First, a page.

The main center of Latin translations from Arabic was Toledo, reconquered from the Arabs in 1085 and for 200 years a center in which Latin, Greek and Arabic were all in use. Another center was Sicily, where the Norman kings gathered a brilliant, multi-lingual court, which, at the Bodleian, was represented by a translation of a manuscript made for the Emperor Frederick II, who not only encouraged learning of all sorts but also kept a zoo, wrote on falconry, and was passionately interested in animals. The manuscript contains the zoological chapters of an Arabic encyclopedia, a famous work by Ibn Sina, al-Shifa — other portions of which were also displayed - dealing with physics and with the existence of the soul. The zoological section of this encyclopedia was translated by Michael Scott, a contemporary of Roger Bacon. Scott, whose studies in astrology gave him a sinister reputation as a magician, was probably from Scotland, and traveled south in search of the new learning. As was the custom then, the equivalent of today's doctoral candidate would make his way, on foot, to Spain, and perhaps Sicily as well, to hear "the wisest philosophers in the world," and return bringing some fresh work which scientists at home - Bacon and others - would incorporate in their teaching and research. Scott worked as a translator in Toledo for some years, then went to Sicily, where he was appointed Court Astrologer to Frederick II. No doubt he took with him the translation he had already made of Aristotle's writings on animals, for an interest in the animal world would find favor with the emperor.
Botany and agriculture follow zoology, and anthropologists undoubtedly took special note of Ibn Wahshiyya's al-Filaha al-Nabatiyya, a treatise on farming which gives a wealth of facts about popular customs, religion and magic as well as agricultural and botanical information. Another vital work, basic to the study of pharmacology, is the De Materia Medica by Dioscorides, a Greek writer of the first century. It led to the science in which the Muslims excelled: medicine.
In the history of medicine, a number of books from Arab sources became standard texts reproduced first in manuscript and later in print. Works by the fathers of Greek medicine, Hippocrates and Galen, for example, were known to the Arabs and translated into Arabic during the eighth and ninth centuries. Under the caliph al-Ma'mun, son of Harun al-Rashid, a translation center in Baghdad, known as Bait al-Hikma, the House of Wisdom, was established, at which the outstanding Hunain ibn Ishaq is said to have translated 100 books by Galen, Hippocrates and other physicians. Later, Hunain's own authoritative In troduction to Medicine was translated into Latin - and remained a popular manual of instruction for 600 years. His only rival was Gerard of Cremona, the greatest translator of the Toledo school. When he died, his pupils drew up a list of 71 of his translations - and it was not exhaustive. One of his greatest contributions, a version of Avicenna's Canon of Medicine (Ibn Sina's al-Qanwn fi al-Tibb), was used in both Europe and the Islamic world from the 11th to the 17th centuries and during the 15th and 16th centuries, was printed at least 35 times in Europe.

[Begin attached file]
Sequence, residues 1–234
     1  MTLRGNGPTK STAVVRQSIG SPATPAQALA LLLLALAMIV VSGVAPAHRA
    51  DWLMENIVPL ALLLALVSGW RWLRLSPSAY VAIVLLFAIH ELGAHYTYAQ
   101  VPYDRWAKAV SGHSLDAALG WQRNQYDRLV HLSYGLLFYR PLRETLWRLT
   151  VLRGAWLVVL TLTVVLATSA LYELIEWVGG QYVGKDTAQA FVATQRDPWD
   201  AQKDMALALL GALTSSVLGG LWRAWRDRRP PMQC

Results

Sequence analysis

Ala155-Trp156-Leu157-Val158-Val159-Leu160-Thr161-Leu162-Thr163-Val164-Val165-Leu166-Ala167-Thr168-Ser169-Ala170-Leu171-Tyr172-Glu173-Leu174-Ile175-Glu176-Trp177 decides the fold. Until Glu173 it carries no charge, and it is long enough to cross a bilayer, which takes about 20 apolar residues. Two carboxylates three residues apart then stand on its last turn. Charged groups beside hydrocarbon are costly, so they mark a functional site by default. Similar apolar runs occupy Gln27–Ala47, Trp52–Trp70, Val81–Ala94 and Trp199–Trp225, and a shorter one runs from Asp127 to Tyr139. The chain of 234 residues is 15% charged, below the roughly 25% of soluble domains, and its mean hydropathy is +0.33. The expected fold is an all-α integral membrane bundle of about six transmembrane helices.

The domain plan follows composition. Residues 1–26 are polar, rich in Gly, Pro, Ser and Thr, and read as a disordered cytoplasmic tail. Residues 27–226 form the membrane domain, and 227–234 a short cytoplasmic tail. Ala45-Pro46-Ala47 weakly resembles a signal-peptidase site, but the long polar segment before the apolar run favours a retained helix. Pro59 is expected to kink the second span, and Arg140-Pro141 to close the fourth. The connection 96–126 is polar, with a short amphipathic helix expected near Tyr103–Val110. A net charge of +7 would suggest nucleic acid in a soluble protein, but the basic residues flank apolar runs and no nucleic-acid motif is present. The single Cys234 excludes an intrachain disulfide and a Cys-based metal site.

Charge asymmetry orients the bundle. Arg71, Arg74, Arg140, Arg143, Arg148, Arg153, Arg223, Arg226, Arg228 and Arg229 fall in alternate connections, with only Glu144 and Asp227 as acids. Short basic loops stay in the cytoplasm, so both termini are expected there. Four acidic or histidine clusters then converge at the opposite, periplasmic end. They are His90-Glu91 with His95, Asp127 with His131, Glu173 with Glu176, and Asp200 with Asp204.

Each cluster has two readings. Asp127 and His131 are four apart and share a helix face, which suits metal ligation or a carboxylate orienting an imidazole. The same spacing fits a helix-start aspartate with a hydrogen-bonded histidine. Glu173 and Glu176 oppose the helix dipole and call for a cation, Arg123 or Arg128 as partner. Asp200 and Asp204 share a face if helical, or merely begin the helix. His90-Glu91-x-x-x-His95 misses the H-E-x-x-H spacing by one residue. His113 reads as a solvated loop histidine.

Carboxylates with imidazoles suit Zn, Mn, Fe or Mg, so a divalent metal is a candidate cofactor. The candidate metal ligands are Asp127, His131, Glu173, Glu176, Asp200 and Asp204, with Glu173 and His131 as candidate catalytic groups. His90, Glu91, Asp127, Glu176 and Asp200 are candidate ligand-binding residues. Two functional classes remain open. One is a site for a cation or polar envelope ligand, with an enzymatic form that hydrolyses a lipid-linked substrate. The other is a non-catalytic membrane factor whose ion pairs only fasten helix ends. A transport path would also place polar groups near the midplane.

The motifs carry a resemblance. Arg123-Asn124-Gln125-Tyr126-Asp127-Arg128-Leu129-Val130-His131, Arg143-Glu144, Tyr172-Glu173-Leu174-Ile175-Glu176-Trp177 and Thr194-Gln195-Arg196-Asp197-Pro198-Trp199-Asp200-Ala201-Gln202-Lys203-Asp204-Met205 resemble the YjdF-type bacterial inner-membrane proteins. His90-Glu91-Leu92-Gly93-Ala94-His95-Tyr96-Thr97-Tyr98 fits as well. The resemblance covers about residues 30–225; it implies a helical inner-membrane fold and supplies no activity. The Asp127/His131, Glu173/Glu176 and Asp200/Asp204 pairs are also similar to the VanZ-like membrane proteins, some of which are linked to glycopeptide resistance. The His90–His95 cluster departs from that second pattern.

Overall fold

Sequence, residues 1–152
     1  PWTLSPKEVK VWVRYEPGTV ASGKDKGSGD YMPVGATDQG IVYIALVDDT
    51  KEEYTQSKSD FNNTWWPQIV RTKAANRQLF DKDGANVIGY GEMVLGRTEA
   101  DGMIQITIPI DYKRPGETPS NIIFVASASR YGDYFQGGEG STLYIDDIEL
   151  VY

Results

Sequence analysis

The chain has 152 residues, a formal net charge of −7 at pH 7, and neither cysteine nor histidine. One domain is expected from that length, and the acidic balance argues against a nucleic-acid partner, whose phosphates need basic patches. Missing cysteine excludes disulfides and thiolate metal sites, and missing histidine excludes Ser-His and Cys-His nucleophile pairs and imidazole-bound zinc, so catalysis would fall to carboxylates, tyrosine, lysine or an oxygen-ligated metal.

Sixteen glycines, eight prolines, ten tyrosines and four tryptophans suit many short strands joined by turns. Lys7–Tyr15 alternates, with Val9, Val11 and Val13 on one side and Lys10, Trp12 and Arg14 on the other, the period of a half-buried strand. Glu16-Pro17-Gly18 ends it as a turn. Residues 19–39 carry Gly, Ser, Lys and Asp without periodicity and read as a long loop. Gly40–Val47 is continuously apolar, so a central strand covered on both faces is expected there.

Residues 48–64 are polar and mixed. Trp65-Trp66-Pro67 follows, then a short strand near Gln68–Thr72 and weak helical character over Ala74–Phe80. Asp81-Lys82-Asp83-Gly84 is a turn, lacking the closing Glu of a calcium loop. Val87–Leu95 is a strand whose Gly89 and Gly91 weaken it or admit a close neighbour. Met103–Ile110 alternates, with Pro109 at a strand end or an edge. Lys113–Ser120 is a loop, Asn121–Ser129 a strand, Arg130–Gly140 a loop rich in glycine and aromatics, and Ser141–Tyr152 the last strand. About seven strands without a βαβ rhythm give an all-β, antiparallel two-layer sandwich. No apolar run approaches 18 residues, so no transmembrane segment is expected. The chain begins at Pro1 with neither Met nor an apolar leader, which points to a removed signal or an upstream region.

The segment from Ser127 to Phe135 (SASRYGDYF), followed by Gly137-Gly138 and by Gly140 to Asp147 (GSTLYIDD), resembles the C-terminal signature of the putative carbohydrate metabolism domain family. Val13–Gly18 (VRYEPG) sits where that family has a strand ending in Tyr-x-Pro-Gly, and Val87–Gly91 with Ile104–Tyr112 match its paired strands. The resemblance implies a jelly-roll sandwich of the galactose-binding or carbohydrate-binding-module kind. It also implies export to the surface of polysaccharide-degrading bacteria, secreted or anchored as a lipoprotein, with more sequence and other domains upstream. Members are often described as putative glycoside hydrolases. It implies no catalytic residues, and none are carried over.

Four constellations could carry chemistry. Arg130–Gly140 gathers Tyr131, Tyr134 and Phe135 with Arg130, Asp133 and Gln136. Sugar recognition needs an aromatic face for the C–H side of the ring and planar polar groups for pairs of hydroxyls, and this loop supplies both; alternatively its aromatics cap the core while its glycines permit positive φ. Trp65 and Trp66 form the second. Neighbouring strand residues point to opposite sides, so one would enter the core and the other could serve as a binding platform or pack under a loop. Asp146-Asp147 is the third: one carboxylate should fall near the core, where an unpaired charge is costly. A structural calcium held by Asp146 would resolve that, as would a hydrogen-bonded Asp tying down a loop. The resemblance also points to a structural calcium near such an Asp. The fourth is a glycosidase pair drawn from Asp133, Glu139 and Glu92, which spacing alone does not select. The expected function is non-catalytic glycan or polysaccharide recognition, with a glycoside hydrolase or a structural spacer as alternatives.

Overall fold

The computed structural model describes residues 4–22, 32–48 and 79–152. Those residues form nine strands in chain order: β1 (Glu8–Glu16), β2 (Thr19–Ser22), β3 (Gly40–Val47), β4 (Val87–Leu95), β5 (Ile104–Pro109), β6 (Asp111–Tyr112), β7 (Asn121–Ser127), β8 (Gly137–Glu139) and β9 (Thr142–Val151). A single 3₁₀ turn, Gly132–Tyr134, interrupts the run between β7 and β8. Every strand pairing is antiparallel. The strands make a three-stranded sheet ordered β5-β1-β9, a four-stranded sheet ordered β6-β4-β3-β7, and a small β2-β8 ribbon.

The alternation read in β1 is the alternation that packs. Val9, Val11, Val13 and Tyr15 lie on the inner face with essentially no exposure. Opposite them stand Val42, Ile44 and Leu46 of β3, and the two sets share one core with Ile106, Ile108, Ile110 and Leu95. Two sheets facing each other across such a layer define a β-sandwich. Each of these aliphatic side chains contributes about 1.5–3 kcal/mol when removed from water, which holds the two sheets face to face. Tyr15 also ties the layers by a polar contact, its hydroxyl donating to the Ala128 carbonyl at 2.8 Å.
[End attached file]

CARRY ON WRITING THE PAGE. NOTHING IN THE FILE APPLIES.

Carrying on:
Another of Gerard's translations was of a book on surgery, by al-L. Zahrawi, who practiced medicine in al-Andalus in the 11th century. The various Latin printed editions of his work include one published in Oxford in 1778. Diagrams of surgical instruments found in the Arabic manuscript are copied in the translation.
Alongside these major texts was shown a smaller one, a traveler's manual with medical advice by a North African doctor who died about 1004. This manual was popular in the Muslim world, and it became equally so in Europe when one of the first medical translators, Constantinus Africanus, produced a Latin version -which he claimed as his own work.
One other name that must not be omitted is that of Maimonides, the Jewish scholar, philosopher and physician who left Cordoba for Egypt and practiced medicine in Cairo in the time of Salah al-Din (Saladin). One of his numerous medical works was a regimen of health prepared for the son of Saladin, who succeeded his father as ruler of Egypt. Also shown is Maimonides' Guide to the Perplexed, composed, as was customary for Jewish authors at the time, in Arabic, but written in the Hebrew alphabet.
Moving on to astronomy and mathematics, the exhibit showed the debt of European astronomers to their Eastern counterparts for the foundations on which all subsequent advances in scientific study were to be built. Included, for example, was the mathematician al-Khwarizmi, who worked in Baghdad and drew up some of the earliest astronomical tables used by the Arabs. Revised in Cordoba, these tables were translated by Adelard of Bath, whose Latin version was used by many early European astronomers.
In another book, also shown in the exhibition, the same al-Khwarizmi introduces algebra to Europe. But his most important contribution was the introduction - via Baghdad - of the Indian system of numerals, which, in the 13th century, began to replace the cumbersome Latin system of numeration. Renamed "Arabic numerals," they spread from the merchants of the Mediterranean ports into every sphere of life.